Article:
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Mesh Networks to Boost Energy

Under a contract with the U.S. Department of Energy (DoE), a trio of companies will use wireless mesh networks to increase energy efficiency and reduce industrial motor energy consumption.

General Electric is leading the way with Sensicast Systems and Rensselaer Polytechnic Institute (RPI) in a project that is part of the DoE's $61 million "Industries of the Future" program. The program employs a 50/50 cost share component, which means the DoE and industry partners share risks equally.

The three-year, $6 million program has three phases. First, the group will conduct a feasibility study between now and the end of the year to understand technical challenges. During the second phase, which will start next January and continue throughout the year, the groups will build prototype systems and complete proof-of-concept experiments. Finally, the groups will install a complete system at a test site and collect and analyze operational data.

Wireless mesh networking is not yet an 802.11 standard, but it has been under development for some time.

In a true mesh topology, every node has a connection to every other node in the network. There are two types of mesh topologies: full mesh and partial mesh.

Full mesh topology occurs when every node has a circuit connecting it to every other node in a network. Full mesh is expensive to implement, but yields the greatest amount of redundancy -- in the event that one of those nodes fails, network traffic can be directed to any of the other nodes. Full mesh is usually reserved for backbone networks.

Partial mesh topology is less expensive to implement and yields less redundancy than full mesh topology. With partial mesh, some nodes are organized in a full mesh scheme, but others are only connected to one or two nodes in the network. Partial mesh topology is commonly found in peripheral networks connected to a full meshed backbone.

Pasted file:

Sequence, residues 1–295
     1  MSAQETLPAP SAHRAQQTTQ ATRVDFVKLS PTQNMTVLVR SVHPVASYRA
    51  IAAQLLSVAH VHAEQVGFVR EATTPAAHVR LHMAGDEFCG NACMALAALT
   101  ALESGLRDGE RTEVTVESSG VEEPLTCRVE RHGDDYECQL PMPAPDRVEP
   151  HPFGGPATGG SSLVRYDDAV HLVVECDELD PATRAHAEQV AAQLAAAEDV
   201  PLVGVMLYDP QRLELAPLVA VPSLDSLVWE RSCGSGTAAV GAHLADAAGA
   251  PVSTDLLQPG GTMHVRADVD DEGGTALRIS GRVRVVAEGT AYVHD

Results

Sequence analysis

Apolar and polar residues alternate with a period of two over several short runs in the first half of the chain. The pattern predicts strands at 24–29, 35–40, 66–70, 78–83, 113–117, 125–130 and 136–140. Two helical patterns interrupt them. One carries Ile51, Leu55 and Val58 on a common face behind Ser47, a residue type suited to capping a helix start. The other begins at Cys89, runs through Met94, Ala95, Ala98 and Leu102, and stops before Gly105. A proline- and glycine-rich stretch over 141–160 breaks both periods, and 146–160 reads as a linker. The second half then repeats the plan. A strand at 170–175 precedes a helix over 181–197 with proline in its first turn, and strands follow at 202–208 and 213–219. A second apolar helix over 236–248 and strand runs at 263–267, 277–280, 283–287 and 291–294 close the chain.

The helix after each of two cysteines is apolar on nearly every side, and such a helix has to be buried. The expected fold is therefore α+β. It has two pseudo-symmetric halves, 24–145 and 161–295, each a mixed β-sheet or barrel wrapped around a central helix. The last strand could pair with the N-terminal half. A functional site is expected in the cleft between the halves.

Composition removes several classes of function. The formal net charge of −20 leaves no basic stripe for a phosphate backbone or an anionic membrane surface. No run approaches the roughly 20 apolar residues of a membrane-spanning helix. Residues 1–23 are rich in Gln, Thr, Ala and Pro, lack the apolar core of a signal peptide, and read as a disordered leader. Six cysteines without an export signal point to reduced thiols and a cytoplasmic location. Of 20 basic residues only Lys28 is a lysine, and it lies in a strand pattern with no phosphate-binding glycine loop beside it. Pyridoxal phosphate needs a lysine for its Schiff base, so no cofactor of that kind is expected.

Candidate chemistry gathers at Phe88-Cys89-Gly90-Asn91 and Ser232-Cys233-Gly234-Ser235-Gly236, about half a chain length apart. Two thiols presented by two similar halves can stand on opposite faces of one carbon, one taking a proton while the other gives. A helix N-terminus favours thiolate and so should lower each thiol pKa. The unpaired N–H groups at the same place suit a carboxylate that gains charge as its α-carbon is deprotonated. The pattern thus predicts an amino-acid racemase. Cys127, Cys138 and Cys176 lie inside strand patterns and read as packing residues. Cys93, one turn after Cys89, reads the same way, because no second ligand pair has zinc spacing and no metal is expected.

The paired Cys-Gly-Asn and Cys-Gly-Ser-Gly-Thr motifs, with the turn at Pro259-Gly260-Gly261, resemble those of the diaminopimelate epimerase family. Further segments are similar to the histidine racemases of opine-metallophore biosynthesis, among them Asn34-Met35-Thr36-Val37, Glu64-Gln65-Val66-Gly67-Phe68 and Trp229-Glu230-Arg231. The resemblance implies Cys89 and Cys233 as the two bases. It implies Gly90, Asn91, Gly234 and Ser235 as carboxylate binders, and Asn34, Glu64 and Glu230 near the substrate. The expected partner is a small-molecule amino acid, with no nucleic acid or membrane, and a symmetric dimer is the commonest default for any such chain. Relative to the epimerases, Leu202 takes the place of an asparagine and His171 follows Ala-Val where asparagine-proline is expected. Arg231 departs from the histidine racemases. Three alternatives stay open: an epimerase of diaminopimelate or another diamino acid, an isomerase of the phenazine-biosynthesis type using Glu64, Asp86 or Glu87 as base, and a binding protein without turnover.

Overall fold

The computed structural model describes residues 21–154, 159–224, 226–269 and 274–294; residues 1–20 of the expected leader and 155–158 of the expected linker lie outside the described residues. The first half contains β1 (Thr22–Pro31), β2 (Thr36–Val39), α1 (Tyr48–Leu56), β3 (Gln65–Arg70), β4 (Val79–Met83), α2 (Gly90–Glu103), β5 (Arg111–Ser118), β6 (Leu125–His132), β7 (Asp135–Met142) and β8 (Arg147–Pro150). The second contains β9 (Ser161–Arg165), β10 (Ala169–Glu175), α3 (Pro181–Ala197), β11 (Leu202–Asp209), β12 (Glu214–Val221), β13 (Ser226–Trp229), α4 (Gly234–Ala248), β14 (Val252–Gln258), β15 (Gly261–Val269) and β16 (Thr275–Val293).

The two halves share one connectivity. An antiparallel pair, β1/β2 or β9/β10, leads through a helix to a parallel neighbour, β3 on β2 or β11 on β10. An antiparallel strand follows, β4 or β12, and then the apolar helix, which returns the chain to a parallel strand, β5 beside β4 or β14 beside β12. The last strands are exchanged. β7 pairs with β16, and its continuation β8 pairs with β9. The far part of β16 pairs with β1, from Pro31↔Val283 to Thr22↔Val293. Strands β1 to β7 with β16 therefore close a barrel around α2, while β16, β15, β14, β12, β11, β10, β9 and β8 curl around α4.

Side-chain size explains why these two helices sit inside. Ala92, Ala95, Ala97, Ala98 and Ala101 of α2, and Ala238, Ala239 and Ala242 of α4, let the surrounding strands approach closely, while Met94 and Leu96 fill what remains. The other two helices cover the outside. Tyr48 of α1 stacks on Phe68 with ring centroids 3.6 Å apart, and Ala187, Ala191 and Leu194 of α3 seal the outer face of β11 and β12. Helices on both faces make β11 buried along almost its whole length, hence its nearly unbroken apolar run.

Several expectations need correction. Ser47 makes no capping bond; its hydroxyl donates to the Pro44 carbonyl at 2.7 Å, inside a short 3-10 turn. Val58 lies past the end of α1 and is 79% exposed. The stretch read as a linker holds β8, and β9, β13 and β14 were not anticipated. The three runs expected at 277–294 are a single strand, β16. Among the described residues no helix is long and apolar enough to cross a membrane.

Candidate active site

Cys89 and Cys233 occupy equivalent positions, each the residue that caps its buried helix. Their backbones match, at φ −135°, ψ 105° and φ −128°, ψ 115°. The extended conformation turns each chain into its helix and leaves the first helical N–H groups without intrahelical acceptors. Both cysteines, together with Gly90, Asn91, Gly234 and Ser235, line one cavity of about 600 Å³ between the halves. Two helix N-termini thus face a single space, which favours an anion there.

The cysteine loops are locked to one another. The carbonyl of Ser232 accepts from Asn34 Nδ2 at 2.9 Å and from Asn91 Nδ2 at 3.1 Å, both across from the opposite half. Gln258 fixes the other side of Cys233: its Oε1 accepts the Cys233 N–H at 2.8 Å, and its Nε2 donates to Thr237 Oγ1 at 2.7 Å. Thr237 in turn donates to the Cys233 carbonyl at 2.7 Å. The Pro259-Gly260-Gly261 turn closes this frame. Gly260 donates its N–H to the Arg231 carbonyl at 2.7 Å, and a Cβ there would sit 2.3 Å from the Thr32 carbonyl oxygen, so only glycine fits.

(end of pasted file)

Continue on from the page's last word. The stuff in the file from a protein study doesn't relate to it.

"Wireless sensor networks have the potential to provide cost-effective new technology to dramatically increase energy efficiency throughout industry," Dan Sexton, project leader at GE Global Research, said in a statement. "GE's vision for the future includes using wireless sensor technology in a wide variety of industrial and consumer applications to improve the way we monitor, protect and control the world around us."

In the GE/Sensicast/RPI model, wireless sensors will be installed on selected motors in a plant operation. The sensors will monitor functions critical to each motor's condition and efficiency based on a combination of measurements, such as vibration, temperature and power quality. The data will then be transmitted wirelessly to a computer that analyzes the data from each sensor. Any potential problems will be transmitted to plant personnel via phone, pager or e-mail in advance, allowing plant personnel to repair or replace motors before their production capacity drops or they fail entirely.

GE and the others are expected to start by analyzing the efficiency of industrial motors, which use 65 percent of the total electricity consumed by U.S. industry. They are used in virtually every industrial and manufacturing process, ranging from large pumps for municipal water plants to compressors that transport fuel through pipelines to simple air conditioning units.

Sensicast is providing the mesh networking software that eliminates signal interference and joins the wireless network into the existing plant network. Meantime, RPI is developing physics-based models for analysis and lifetime prediction of the motors.

"Electric motor driven systems consume 23 percent of all electricity used in the United States -- a truly staggering number," Sensicast CEO Paul Sereiko said in a statement. "Working with GE and the Department of Energy to deploy smart wireless mesh networking technology for improving these motors' energy efficiency is a real world example of technology making a significant difference."

There are two major advantages of the technology being developed for this program, according to the consortium. The first is a low-power communications network that will operate in an industrial environment for years on a single battery.

The second advantage is that the two-way communications network will enable the use of control applications. For example, if a monitoring system is being used on a generator and has sent notification that it is running too hot, the monitoring personnel could issue wireless commands back to the generator for it to turn on its exhaust fan.

Other applications under development include process monitoring and control, asset tracking, and patient monitoring.